Content supplied by Auckland University
The free online calculator factors in the unique “solar rooftop potential” of half a million Auckland buildings down to one square metre. This potential depends on such things as the roof’s slope and aspect, and shade from surrounding buildings and trees.
A new tool is available to help Auckland households and businesses work out whether it makes financial sense to install solar panels on their roofs.
“Solar generation is rapidly rising in New Zealand, with homes leading the trend. We wanted to offer an educational tool that is impartial and realistic to help people work out if solar is economic for their households or workplaces,” says Dr Kiti Suomalainen, a research fellow at the University of Auckland Business School’s Energy Centre.
New Zealand’s total installed solar capacity rose fivefold over the three years to 2017, and Auckland Council has a goal of 970 MW installed capacity of solar photovoltaics by 2040.
Dr Suomalainen devised the geographical 3D computer modelling behind the calculator. She used LiDAR data from Auckland Council, which is collected by planes emitting light pulses and timing how long it took for the reflected pulse to return to the plane, to construct a digital 3D model of the city with all its buildings and trees and other objects. With this, the solar radiation on individual rooftops could be calculated.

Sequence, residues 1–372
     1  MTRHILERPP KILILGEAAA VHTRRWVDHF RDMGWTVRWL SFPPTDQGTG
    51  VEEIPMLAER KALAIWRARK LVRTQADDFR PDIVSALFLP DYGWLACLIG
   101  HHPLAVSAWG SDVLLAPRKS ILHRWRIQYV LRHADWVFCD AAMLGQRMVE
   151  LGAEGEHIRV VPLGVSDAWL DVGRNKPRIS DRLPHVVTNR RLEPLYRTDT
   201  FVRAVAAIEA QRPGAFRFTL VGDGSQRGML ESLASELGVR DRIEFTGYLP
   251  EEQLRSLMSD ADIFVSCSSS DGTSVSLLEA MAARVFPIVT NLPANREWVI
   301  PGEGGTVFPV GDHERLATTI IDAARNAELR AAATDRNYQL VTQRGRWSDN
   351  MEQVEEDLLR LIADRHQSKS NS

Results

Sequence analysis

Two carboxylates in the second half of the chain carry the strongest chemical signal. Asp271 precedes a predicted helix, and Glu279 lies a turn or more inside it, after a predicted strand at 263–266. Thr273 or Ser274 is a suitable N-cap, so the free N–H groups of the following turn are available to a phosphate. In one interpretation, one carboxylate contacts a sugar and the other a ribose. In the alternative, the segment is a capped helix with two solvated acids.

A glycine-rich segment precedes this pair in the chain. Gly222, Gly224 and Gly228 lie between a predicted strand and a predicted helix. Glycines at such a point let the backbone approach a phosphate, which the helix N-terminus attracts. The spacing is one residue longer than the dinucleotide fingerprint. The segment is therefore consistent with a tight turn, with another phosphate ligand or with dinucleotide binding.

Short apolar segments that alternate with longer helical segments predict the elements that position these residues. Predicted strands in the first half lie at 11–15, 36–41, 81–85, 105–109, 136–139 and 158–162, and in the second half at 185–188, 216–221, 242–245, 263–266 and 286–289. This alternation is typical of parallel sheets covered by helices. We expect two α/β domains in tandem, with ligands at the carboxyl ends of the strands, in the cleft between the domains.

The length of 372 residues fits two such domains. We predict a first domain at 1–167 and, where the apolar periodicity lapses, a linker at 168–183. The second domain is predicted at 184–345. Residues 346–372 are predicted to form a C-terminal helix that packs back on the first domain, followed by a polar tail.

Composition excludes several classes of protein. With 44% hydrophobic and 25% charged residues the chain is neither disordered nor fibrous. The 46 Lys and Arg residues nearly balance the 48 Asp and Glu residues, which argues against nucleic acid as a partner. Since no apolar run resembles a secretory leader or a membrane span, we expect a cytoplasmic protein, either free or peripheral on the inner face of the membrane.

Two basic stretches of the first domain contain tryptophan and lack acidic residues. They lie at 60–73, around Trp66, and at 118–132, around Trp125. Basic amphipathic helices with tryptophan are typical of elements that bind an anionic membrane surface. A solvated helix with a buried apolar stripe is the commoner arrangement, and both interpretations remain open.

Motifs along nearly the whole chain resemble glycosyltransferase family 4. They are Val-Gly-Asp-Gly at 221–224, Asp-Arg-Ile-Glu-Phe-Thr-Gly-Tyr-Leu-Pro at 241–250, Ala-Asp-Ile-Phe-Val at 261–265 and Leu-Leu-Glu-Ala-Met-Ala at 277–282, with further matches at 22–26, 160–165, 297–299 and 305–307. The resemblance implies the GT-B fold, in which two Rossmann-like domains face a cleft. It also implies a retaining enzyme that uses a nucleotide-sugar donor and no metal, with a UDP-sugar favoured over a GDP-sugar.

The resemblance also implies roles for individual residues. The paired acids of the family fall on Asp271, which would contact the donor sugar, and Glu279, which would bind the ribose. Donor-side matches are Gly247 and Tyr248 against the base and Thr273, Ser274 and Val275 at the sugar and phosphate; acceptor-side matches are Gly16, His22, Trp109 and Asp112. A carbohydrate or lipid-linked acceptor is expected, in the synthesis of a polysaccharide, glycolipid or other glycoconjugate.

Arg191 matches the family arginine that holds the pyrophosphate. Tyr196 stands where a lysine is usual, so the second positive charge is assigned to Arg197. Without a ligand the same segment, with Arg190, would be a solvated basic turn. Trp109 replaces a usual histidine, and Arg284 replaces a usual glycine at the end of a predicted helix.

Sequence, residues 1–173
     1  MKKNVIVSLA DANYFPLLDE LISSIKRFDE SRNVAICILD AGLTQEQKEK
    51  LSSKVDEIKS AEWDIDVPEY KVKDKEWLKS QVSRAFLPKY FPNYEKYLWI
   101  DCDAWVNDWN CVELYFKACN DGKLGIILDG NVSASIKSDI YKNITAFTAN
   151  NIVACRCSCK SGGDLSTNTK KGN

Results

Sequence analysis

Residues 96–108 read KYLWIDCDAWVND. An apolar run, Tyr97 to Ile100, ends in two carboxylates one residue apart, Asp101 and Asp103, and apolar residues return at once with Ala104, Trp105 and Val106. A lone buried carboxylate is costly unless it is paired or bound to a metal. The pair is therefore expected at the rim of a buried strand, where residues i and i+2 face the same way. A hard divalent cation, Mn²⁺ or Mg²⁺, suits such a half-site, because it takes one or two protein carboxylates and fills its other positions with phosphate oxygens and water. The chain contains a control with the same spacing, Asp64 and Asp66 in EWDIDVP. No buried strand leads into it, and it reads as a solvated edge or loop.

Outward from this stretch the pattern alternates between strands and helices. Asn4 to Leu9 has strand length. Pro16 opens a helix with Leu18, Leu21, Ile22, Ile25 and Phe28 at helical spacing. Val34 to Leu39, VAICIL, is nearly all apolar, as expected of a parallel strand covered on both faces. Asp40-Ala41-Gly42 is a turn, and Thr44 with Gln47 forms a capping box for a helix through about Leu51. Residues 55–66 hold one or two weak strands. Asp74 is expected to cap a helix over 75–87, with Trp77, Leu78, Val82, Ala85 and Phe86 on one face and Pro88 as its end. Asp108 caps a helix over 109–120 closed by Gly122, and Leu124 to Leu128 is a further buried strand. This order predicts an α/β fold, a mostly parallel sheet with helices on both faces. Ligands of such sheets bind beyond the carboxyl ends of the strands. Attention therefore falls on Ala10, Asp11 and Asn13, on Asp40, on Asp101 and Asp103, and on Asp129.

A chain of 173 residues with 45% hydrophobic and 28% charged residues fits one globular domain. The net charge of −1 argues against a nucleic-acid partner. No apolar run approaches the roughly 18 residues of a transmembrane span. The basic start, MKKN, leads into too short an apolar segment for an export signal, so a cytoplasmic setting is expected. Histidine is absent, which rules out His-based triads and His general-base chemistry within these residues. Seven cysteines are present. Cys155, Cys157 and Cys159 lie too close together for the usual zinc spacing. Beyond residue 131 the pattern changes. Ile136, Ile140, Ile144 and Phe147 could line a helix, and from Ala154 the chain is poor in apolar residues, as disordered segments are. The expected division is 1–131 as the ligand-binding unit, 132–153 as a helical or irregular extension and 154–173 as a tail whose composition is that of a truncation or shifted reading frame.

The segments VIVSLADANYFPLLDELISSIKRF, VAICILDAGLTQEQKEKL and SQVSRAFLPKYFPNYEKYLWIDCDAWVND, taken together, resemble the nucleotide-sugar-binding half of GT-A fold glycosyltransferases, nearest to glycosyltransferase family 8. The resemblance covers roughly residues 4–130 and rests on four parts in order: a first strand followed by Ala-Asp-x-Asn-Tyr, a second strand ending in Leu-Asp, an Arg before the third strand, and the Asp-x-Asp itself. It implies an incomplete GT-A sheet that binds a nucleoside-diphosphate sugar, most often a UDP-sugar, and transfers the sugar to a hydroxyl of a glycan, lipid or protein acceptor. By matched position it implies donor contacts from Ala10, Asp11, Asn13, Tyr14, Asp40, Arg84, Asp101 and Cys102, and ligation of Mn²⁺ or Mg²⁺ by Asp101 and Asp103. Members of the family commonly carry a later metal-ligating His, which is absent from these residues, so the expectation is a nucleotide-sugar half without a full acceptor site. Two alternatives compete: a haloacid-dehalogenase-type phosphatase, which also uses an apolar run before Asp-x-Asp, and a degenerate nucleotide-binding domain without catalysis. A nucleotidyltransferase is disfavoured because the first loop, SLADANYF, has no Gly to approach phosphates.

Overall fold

The calculator allows users to zoom in on their rooftop for a colour-coded view of its solar energy potential, which highlights the best spots to place panels.
You can also enter the size and quality solar panel you prefer, how much solar power you would use and how much you would sell back to the grid, and several other values. The calculator gives the total value (savings and revenues minus costs) of the installation over its lifetime. If it is positive, it’s a good investment.
If you want to investigate further, Dr Suomalainen suggests visiting seanz.org.nz (Sustainable Electricity Association New Zealand) for a directory of accredited solar panel suppliers.
“Self-consumption rate – the percentage of solar power that you use yourself, rather than sell back to the grid – is the main thing that will affect your economics,” she says.
“If you’re at home all day you will probably use more power than someone who is at work or school most of the day. For every kilowatt-hour of solar power you use, you save about 27 cents. The buy-back rate at the moment is around 8 cents – so the more you use, the greater the overall value of your solar generation.”
The calculator is now at a stage where users can test it and report any issues (e.g. mismatch of solar potential and underlying building on the map due to outdated building data). Dr Suomalainen welcomes feedback in order to make the tool as user-friendly and accurate as possible.
Try out the calculator here.